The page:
Despite the frustration during character creation, I’m very excited for this campaign. I haven’t played in a wilderness survival campaign so this will be all new. It is my intent to provide session and thread recaps on a regular basis along with some occasional in-character fiction. In my next post, I’ll introduce my character, Chase Starryeyes, an archaeologist and professor of history of some renown.


  1. Way back in 2007, I ran a couple sessions of Dungeons & Dragons 3.5. Her first character was a fire sorceress named Kailinae. 
  2. Mounted combat is grossly under-supported in D&D 5e and this caused the greatest source of frustration. 
  3. Sorry again, Nic! 

Old Endings, New Beginnings

Welcome to my first session report! I have to say that I was incredibly excited to start up a new campaign. Rolling up characters, plotting out adventures, crafting NPCs. It really gets the creative juices going. The players arrived around 3pm and we started rolling up characters about twenty minutes later. None of the players have had many opportunities to hone their character generation skills. All told, it took about an hour for the most experienced player to create his character and about two hours for everyone else.1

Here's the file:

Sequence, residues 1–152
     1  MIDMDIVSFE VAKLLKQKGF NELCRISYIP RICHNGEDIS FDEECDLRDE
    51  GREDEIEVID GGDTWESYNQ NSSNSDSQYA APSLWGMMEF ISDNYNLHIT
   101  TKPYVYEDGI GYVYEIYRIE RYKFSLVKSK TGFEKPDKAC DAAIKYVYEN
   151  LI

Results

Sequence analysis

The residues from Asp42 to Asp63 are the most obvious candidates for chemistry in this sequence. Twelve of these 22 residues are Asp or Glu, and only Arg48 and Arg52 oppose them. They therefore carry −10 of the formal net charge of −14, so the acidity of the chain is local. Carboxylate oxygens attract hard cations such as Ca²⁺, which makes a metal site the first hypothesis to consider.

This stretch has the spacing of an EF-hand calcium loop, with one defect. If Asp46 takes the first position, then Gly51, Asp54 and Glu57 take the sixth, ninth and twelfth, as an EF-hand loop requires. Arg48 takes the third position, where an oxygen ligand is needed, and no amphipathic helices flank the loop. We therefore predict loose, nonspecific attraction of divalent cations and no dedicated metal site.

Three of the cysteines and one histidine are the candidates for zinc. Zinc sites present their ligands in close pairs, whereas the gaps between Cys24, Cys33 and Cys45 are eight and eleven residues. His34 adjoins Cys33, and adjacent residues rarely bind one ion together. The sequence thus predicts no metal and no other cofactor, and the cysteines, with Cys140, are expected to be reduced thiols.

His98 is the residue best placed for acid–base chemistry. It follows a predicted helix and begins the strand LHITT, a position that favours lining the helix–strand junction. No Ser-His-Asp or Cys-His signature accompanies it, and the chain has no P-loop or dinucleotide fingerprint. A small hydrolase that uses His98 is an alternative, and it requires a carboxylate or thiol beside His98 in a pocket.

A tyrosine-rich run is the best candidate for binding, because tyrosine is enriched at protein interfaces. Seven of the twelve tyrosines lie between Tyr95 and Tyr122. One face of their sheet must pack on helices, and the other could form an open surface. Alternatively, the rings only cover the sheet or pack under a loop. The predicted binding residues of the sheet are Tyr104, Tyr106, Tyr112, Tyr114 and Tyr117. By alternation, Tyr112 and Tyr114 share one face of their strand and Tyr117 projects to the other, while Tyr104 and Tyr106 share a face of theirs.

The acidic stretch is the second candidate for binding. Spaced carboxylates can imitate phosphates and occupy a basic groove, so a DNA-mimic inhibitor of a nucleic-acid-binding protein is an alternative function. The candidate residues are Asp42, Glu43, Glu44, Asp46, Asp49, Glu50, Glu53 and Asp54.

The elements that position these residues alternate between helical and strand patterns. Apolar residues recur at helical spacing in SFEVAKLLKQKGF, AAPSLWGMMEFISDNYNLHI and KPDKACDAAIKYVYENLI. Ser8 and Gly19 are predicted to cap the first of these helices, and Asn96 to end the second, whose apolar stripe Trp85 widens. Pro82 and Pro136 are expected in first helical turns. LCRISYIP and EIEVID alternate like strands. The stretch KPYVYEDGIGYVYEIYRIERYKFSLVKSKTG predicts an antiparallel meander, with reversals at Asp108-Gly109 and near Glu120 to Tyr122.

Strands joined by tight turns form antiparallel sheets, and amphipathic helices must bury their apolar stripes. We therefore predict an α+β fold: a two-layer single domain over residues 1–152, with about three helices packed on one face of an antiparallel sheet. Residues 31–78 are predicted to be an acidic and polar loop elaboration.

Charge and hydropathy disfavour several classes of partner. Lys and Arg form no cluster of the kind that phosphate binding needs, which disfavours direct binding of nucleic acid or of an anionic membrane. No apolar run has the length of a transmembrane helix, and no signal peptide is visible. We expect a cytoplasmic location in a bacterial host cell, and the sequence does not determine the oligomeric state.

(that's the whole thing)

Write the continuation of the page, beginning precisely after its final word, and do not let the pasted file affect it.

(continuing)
With card stock character sheets in hand, dice on the table, Krillin Pwnd List on the board and the play mat unrolled, we kicked off our adventures on the continent of Torgrim by introducing the characters to the small town of Everton. Everton is home to the only university in the known world. Bright magical minds, decorated veterans of war, experienced advocates, wealthy merchants and daring adventurers teach and train students from across the continent is their selected program.

One professor of particular note is Curiosity Bounceback, a halfing, she is the leading expert in archaeology and history. She has held her position for the past decade after a famous adventuring career. Her surname is well-deserved as her inexplicable ability to recover from any disaster and return unscathed has never once stopped her from adventuring into peril.2 About a week ago, one of the local lumberers uncovered an overgrown entrance to a set of stairs that led underground. In her first attempt to unseal the ruin, one of her grad students was killed by a magical trap.

Since learning about the somewhat unexpected dangers and deciphering some of the scripts, Curiosity has spent the last day or two recruiting bold adventurers to travel into the depths of this suspected First Civilization tomb. The party assembles the next morning and sets out towards the with the professor.

Joining the professor are:

  • Valanthe, a Wood Elf ranger
  • Hans, a Dwarf fighter
  • Helja, a Dwarf fighter
  • Diva, a High Elf wizard
  • Asandril, a Wood Elf ranger
  • Donnal, a Wood Elf druid
  • Sir, a Human monk